The best place to create plugin configuration

Hi. Adjusting to deprecation warnings in Gradle 6+ I’m moving the configuration for my gradle-pitest-plugin from the root project to a project it is applied. In general it is not a problem, but I have two questions:

  1. Should the plugin configuration (with dependencies required for the plugin task to execute) be put as the project.configuration or project.buildscript.configuration (it seems to work in both cases and I wonder which is recommended)?

  2. I create my configuration in:

    void apply(Project project) {
        ...
        project.plugins.withType(JavaPlugin).configureEach {
            setupExtensionWithDefaults()
            project.tasks.register(PITEST_TASK_NAME, PitestTask) { t ->
                ...
                createConfiguration()
                ...
            }
        }
    }

However, it seems to cause, that I cannot just use it in build.gradle, but I have to create it manually there:

plugins {
    id 'info.solidsoft.pitest' version '1.4.9'
}

configurations.create('pitest')   //while removed generates error about unknown configuration
dependencies {
   pitest 'org.pitest:pitest-junit5-plugin:0.12'
}

I wonder, if there is a good way to do not have to manually create a configuration by the users of my plugin, yet still use project.plugins.withType(JavaPlugin).configureEach { (if it is still recommended)?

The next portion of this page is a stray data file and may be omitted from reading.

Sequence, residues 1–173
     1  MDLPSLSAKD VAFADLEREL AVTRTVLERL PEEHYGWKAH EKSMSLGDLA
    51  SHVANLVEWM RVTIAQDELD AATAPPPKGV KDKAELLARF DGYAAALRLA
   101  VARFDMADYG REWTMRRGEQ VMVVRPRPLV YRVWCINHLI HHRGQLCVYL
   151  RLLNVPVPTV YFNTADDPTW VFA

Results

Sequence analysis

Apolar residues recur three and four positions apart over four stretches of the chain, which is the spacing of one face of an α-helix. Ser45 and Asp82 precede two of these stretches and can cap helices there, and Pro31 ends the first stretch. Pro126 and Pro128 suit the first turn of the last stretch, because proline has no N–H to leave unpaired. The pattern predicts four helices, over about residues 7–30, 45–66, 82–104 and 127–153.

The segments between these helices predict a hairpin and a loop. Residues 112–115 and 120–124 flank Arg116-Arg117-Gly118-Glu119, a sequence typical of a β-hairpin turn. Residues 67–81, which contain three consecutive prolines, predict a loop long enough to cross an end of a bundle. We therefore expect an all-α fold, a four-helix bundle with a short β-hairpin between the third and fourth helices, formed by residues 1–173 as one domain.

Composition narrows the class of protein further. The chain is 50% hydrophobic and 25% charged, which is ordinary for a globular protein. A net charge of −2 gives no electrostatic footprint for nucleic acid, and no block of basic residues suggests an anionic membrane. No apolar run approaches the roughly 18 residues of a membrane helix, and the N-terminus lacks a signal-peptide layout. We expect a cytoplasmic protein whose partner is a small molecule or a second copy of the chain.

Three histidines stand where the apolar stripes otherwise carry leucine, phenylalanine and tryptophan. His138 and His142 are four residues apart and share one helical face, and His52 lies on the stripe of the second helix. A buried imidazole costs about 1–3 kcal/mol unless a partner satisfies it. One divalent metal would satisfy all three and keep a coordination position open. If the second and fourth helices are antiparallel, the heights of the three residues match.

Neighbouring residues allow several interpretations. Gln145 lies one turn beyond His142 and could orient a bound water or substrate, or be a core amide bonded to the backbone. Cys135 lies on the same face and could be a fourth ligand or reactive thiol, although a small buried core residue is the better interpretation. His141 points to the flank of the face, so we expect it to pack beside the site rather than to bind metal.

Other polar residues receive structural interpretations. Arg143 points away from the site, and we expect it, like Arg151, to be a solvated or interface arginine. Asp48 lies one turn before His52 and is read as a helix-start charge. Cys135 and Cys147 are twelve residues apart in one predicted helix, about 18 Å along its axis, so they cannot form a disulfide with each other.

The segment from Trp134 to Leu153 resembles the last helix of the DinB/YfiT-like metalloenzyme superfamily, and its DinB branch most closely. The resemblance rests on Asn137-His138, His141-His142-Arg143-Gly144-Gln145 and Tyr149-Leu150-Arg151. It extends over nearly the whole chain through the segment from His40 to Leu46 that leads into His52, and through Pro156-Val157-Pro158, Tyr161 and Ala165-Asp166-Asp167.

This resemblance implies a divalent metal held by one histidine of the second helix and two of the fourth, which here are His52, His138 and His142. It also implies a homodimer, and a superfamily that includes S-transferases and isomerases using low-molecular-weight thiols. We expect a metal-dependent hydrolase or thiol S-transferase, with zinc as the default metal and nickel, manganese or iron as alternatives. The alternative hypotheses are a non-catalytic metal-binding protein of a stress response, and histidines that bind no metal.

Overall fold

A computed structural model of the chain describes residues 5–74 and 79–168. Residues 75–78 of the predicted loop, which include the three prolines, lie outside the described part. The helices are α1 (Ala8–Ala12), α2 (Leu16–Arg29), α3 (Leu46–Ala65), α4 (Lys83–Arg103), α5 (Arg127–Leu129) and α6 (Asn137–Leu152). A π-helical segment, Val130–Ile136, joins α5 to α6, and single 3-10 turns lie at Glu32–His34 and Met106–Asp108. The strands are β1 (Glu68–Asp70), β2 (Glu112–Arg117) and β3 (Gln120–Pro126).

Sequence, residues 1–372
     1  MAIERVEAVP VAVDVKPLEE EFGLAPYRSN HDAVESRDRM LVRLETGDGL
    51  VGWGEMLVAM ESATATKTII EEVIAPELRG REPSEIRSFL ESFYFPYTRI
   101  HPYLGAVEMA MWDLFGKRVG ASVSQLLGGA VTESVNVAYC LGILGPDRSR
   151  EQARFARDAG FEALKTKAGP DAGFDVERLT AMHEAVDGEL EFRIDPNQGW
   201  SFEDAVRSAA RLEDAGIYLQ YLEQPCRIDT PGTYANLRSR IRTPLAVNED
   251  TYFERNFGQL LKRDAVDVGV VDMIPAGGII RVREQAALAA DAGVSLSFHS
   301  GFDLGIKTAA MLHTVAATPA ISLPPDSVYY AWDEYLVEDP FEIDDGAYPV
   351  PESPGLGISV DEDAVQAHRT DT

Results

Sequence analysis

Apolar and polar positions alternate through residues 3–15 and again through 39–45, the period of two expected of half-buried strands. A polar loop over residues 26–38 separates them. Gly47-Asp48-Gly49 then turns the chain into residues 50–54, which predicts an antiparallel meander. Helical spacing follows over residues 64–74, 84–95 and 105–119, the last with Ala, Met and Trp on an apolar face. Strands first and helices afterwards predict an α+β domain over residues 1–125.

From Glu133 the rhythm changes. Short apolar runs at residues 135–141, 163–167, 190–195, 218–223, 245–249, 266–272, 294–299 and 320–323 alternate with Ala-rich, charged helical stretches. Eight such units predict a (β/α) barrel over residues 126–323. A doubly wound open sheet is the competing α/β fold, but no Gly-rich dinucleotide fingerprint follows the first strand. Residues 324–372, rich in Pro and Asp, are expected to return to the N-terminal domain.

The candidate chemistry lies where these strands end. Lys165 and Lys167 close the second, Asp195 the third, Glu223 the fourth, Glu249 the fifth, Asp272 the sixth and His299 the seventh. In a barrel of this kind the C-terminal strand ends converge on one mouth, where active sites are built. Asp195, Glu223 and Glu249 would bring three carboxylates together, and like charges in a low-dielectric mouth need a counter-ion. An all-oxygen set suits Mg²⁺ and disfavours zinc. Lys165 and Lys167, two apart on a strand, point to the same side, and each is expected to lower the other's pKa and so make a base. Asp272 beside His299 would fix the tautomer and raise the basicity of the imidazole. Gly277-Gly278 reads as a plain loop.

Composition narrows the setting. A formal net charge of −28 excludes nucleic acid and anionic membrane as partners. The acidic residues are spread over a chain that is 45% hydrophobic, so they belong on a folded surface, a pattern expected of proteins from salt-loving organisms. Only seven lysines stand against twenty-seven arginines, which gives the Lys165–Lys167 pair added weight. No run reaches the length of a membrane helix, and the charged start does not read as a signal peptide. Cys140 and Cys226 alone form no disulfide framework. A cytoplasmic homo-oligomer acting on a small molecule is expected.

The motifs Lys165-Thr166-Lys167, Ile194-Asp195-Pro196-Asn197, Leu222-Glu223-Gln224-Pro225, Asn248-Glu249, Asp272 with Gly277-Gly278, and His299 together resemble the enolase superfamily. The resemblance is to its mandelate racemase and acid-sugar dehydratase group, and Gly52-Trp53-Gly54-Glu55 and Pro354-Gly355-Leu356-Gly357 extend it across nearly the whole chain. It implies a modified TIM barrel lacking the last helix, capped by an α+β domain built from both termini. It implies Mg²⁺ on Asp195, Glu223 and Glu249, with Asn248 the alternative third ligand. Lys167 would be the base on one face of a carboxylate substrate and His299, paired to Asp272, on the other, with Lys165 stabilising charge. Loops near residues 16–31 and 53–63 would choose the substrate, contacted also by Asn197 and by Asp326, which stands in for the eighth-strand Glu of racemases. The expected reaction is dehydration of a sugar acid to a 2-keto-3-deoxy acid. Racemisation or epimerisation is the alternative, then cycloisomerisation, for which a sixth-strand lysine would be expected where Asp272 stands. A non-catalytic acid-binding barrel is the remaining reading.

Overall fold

[1] buildscript is only meant for dependencies that are to be on the plugin classpath itself.

[2] If I understand it correctly you want all cases of where the java plugin is applied that the pitest extension is added as well. Iwould like to add a couple of views on this.

a) It someone applies pitest it can be reasonably assumed that they either applied java or java-library, so I would not conditionally configure of the subproject. Instead I would just create the appropriate configuration and extension. Of course if it depends on java or java-library then you need to either apply it with the plugin apply method or add the dependency. It’s up to you as you know the intended usage of the plugin.

b) Any iser in a multi-project you can add id 'info.solidsoft.pitest' version '1.4.9' apply false to the root and then in the subproject do plugins {id 'info.solidsoft.pitest'} or simply apply plugin: 'info.solidsoft.pitest'. That is the best way to deal with selective application in multi-project scenarios.

c) Your plugin’s apply method should just need to project.configuration.maybeCreate('pitest') and for the default dependency you can use the defaultDependencies method on the configuration.

d) Don’t create the configuration within the lazy-configuration of the task. Create it outside. Configurations and extensions are “static” specifications within a build, whereas tasks tend to be more complex and now can preferaby be configured only if they are needed. Don’t get caught out by lazy-created tasks. Those actions are only meant to be applied to the newly instantiated tasks and nothing else.

Thanks for you suggestions, Schalk!

It could be a plugin classpath dependency, but in fact I refactored it to use JavaExec, so it is not needed to bootstrap the plugin itself.

I use that deferred construction to refer to the elements specific for Java (which might not be accessible if the Java plugin is applied after mine). However, creating the configuration itself in fact seems to be same in general. I moved it out and it works nice.